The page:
The Covid-19 pandemic has made some financial advisors rethink their career planning, according to a survey conducted by Financial Advisor IQ.
More than 30% of the respondents said their plans have been affected in one way or another.
About 12% of the respondents anticipate working longer or delaying retirement plans, while 10% said they have focused on developing a succession plan.
Meanwhile, about 9% said they have considered acquiring another practice, while about 6% said they have considered partnering with another practice.
A few, or 1%, of the respondents said they anticipate leaving the industry.
The average U.S. financial advisor was about 51 years old at the end of 2018, according to the most recent data available from Cerulli Associates. Cerulli estimates that nearly 40% of advisors will retire in the next decade.
FA-IQ’s findings are from an online survey of 525 advisors conducted by FA-IQ from July 13 to July 16.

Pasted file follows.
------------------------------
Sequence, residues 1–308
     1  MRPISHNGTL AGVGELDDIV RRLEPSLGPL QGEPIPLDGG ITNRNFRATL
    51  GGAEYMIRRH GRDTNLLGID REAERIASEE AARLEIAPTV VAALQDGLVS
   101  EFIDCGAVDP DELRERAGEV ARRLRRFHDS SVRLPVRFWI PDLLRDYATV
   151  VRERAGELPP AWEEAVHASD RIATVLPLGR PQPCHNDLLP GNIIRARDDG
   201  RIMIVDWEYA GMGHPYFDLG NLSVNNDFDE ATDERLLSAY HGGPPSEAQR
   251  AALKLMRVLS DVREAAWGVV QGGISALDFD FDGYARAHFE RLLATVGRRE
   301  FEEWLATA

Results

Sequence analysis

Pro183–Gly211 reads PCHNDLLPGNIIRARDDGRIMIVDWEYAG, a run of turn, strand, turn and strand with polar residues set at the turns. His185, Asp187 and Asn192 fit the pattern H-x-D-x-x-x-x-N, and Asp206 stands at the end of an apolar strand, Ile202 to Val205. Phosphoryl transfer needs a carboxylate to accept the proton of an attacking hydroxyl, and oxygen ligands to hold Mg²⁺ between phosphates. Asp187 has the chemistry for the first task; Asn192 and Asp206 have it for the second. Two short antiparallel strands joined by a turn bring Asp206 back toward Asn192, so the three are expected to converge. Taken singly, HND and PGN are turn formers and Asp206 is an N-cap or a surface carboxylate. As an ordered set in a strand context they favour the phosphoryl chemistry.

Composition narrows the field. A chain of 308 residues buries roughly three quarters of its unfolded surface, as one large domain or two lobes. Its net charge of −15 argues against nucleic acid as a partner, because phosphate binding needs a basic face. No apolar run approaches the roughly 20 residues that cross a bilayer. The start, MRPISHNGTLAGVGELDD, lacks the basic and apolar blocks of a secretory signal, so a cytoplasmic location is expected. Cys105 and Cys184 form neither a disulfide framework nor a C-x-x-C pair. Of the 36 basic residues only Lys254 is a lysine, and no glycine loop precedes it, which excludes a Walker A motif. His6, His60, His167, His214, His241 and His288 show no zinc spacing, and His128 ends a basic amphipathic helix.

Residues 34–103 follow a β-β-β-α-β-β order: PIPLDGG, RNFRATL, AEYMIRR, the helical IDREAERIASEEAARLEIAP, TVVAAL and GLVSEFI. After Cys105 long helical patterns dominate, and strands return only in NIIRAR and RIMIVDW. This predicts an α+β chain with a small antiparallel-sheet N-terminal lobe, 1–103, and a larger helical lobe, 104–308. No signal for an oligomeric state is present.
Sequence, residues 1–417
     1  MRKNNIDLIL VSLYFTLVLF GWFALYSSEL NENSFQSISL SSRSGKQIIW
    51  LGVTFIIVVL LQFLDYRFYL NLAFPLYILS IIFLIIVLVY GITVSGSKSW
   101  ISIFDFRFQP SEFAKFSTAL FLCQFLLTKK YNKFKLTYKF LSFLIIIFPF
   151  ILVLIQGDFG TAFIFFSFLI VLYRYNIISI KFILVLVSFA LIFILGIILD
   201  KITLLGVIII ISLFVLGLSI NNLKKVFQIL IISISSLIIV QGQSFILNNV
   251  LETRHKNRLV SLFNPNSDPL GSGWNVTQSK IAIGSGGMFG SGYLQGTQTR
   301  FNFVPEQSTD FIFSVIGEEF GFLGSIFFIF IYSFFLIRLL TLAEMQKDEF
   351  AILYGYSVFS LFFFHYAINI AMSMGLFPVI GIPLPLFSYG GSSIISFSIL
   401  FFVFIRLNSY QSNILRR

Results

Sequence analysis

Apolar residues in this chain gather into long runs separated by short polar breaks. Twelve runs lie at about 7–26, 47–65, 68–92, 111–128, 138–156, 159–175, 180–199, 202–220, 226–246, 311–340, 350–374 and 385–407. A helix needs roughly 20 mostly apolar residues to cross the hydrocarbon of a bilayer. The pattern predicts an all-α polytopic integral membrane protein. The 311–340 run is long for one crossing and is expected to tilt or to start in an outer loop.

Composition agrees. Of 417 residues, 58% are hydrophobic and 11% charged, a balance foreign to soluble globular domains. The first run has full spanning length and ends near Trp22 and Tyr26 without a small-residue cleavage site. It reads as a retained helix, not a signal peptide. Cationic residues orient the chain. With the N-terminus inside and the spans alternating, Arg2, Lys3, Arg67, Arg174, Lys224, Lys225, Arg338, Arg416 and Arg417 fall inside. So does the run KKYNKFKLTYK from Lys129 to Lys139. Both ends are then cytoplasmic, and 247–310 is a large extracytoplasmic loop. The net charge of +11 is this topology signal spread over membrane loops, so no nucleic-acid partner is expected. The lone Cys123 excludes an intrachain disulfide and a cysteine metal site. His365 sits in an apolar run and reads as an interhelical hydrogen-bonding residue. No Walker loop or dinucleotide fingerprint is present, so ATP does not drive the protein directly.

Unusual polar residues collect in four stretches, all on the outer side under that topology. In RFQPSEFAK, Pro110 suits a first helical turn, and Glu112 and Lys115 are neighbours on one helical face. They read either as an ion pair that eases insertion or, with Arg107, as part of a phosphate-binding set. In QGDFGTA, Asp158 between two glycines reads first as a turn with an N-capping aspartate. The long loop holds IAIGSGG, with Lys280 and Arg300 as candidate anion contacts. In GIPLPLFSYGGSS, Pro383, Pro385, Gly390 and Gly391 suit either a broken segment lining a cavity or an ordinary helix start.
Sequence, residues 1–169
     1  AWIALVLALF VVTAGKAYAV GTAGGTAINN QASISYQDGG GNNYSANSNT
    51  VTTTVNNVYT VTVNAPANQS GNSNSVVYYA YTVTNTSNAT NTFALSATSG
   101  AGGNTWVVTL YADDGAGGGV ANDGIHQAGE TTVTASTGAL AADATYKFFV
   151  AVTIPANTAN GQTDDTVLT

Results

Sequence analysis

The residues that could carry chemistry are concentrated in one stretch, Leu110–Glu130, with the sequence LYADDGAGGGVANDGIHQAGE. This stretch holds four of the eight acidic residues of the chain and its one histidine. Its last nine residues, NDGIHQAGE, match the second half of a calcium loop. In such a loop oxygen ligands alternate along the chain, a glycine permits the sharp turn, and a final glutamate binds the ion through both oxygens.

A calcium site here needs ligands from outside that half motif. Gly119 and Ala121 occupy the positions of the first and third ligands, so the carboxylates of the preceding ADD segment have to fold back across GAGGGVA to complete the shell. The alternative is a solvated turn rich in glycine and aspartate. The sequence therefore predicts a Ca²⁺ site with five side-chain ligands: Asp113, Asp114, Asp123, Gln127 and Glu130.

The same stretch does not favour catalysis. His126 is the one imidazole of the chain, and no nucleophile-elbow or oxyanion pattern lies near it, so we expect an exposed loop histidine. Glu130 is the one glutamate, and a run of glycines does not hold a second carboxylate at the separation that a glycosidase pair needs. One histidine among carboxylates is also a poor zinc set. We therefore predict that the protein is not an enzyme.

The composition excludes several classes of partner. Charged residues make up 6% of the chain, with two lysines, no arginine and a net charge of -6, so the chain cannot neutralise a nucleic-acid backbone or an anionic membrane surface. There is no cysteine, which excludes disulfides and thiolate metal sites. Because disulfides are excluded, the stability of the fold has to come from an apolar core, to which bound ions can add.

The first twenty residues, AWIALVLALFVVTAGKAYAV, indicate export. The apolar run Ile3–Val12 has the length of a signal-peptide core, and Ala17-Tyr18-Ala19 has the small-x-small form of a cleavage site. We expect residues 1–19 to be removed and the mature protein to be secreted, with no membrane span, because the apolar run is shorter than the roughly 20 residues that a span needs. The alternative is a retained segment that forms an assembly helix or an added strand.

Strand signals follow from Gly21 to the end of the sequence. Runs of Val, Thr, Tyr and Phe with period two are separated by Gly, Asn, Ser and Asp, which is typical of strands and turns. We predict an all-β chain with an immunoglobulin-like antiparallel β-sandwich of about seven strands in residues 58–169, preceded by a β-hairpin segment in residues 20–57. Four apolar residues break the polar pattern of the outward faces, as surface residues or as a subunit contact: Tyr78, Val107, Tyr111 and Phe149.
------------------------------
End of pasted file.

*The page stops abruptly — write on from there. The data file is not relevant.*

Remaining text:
The survey came at a time when advisory firms’ confidence over future growth appears to have been shaken.
In a recent survey of advisory firms by TD Ameritrade Institutional, the company found that firms that completed the survey before March 13 — when a national emergency was declared because of the pandemic — had a much different outlook than those that completed the survey later.
Prior to the national emergency declaration, advisory firms were optimistic about their revenue prospects for 2020 and expected revenue growth of 11.4%, nearly two percentage points higher than their actual revenue growth in the same period last year, according to TD’s survey findings.
The sudden shutdown of the U.S. economy and volatile security markets challenged advisory firms in a way not seen since the Great Recession a decade ago, according to TD.
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